"This is my chance to give back to the Salvation Army and to [help] benefit other families," Blaine said in a statement, giving a nod to the organization that helped clothe him as a child. "It's my goal not only to successfully complete this challenge, but to help give others an extraordinary holiday season."

    And an extraordinary sight. The last time the 33-year-old performer cheated death was during a seven-night stint last May in a water-filled acrylic ball outside Manhattan's Lincoln Center. The stunt was capped with an unsuccessful bid at breaking the world record for holding his breath underwater.

    Blaine's previous endurance tests include encasing himself in a block of ice for 61 hours, fasting for 44 days in an acrylic box, being buried alive for seven days and perching himself on a tiny platform overlooking the Big Apple's Bryant Park for 35 hours.

  9. #24


    Quote Originally Posted by BigMac View Post
    There are 20 clean and comfortable restrooms, open from 8AM to 11PM through December 31 (well, the potties are closed on Christmas and will close at 6PM on December 24 and 31), but there's also a waiting room with flat-screen TVs and a fireplace.

    Workers will be cleaning the bathrooms after each use (and it's probably considerate of you to flush), so these might be the cleanest bathrooms in the city. And don't forget to take your picture with a Charmin bear!
    I am SO going to use these facilities on my way to work in the morning at, uh, 7, am... Damn.

    Well, I will catch them on the way home then, after the bar closes, at, uh... Damn.

    These are tourist bathrooms, aren't they?

    Not that there is anything WRONG with that ... but how about some safe, resaonably clean restrooms available at least at Times Square for Godsakes! 24X365. Is that too much to ask?

    Man, and cleaning after each use? They must have a veritable army of, uh, pot scrubbers? That is quite an undertaking...

  10. #25
    Chief Antagonist Ninjahedge's Avatar
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    Quote Originally Posted by daver View Post

    David Blaine Hangs Out

    I WONDER where he got that idea from?

  11. #26
    Disgruntled Optimist lofter1's Avatar
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    M&M World at 1600 Broadway has just put up a wild new pixalated mother ...

    Just in time for the Thanksgiving Day Parade down Broadway

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  12. #27
    Forum Veteran krulltime's Avatar
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    A Glitzy (But Temporary) Answer to Nature’s Calls in Times Sq.

    November 21, 2006

    Standing before 13 television cameras and roughly 50 journalists yesterday, the actress Doris Roberts recalled her son’s “little tinkle dance” during a Macy’s Thanksgiving Day Parade years ago.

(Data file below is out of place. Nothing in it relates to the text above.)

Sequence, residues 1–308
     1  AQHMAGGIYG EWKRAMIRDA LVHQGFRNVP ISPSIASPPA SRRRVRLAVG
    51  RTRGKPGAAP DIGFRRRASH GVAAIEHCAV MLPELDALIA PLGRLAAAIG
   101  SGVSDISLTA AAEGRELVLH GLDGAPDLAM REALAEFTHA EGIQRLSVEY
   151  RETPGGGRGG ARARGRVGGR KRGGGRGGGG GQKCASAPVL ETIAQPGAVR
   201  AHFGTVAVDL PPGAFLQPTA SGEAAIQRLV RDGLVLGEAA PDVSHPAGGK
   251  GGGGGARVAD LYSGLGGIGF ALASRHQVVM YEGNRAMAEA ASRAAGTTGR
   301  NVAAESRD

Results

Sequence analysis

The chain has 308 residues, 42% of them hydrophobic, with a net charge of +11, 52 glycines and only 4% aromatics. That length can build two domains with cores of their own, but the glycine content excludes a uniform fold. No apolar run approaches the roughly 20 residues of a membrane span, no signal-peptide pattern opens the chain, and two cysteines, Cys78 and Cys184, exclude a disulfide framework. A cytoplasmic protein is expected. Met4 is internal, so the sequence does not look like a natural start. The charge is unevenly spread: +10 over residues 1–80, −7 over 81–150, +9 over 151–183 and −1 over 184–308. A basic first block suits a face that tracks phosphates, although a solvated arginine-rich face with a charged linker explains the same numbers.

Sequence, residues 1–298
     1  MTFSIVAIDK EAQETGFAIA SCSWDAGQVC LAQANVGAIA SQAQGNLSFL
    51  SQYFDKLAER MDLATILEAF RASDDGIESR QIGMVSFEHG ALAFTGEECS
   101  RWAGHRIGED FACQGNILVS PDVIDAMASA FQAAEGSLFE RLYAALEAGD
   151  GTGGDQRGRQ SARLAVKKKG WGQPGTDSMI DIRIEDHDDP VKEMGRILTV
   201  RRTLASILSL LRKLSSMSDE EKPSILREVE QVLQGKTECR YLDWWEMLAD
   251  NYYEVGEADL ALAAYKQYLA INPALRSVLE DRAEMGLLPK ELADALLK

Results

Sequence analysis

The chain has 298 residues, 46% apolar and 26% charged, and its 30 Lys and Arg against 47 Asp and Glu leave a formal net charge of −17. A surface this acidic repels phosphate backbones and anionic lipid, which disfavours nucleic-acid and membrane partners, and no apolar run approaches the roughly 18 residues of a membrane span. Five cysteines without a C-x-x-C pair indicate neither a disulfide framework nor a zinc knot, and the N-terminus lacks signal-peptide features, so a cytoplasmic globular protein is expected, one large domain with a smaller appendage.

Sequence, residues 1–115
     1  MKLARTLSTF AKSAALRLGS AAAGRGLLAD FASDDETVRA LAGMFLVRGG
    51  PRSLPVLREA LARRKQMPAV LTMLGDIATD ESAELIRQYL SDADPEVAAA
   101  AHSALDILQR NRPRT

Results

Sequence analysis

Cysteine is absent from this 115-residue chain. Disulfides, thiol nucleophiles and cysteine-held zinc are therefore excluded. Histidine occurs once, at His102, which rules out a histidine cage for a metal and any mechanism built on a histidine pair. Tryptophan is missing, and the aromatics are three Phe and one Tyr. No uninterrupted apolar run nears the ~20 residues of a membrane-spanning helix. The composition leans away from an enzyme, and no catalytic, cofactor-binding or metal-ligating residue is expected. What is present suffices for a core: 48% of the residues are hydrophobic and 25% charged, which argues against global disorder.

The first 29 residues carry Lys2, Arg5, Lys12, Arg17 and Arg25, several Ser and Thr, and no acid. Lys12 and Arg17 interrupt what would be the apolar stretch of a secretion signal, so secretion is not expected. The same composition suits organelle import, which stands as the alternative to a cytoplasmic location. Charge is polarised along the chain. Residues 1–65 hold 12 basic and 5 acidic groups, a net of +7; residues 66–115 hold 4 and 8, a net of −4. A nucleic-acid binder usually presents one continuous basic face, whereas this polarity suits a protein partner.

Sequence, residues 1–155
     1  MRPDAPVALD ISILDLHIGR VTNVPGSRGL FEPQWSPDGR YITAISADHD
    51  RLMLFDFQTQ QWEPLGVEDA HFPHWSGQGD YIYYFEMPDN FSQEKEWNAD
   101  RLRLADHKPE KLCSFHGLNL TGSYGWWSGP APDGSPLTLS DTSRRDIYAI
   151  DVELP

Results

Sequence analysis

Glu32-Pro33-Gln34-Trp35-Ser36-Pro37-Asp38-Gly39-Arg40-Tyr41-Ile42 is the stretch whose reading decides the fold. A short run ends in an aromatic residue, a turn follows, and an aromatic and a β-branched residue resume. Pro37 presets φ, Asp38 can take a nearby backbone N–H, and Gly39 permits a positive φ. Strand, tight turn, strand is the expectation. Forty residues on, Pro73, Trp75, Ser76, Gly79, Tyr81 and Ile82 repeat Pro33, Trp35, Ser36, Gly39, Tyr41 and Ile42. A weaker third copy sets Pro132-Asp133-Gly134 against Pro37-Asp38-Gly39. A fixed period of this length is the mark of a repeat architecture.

“There was nowhere to go,” said Ms. Roberts, one of the stars of the television sitcom “Everybody Loves Raymond.” So, she said, she marched the boy, Michael, who was 8 at the time, into Central Park and declared, “Try behind that tree.”

    Ms. Roberts delivered her anecdote at what surely had to be one of the splashier grabs for publicity in the recent history of Times Square. Ms. Roberts was the V.I.P. for the ribbon-cutting and ceremonial first flush marking the opening of 20 public toilets near 46th Street and Broadway. The luxurious-looking restroom complex was installed by the Charmin brand of toilet paper, which has leased the space until Dec. 31.

    In a restroom-challenged city, Charmin’s marketing ploy impressed many people, including Mayor Michael R. Bloomberg. “The mind boggles,” Mr. Bloomberg said when asked about the Times Square event during a news conference in the Bronx. “The person that sold that is somebody I’d love to have come to work for my company.”

    Tim Tompkins, the president of the Times Square Alliance, the business group that, among other things, organizes the city’s New Years Eve celebration, said, “I’ve never seen so many television cameras in my life, not even on New Year’s.”

    Charmin, which is part of Procter and Gamble, had broadcast the arrival of its Times Square “Potty Palooza” with a giant billboard above the entrance. The plan was widely reported last week.

    A long escalator ride from the sidewalk takes people to a large waiting area furnished with flat-screen televisions, couches and a fireplace. Beyond are the bathrooms, numbered 1 through 20, each equipped with gleaming white porcelain sinks and, of course, Charmin toilet paper (six rolls per stall.)

    Some are theme bathrooms, with wallpaper depicting Times Square, Wall Street and Grand Central Terminal. There are changing tables for children, and toilets equipped for people with disabilities.

    The restroom complex, which is in a space formerly occupied by a bar, will be open from 8 a.m. to 11 p.m., except on Christmas Day, when it will close at 6 p.m.

    Charmin’s gift opened at a time when the city, after years of squabbling, was in the process of selecting 20 locations for public pay toilets that were to be installed, sometime next year, under a contract with a Spanish company.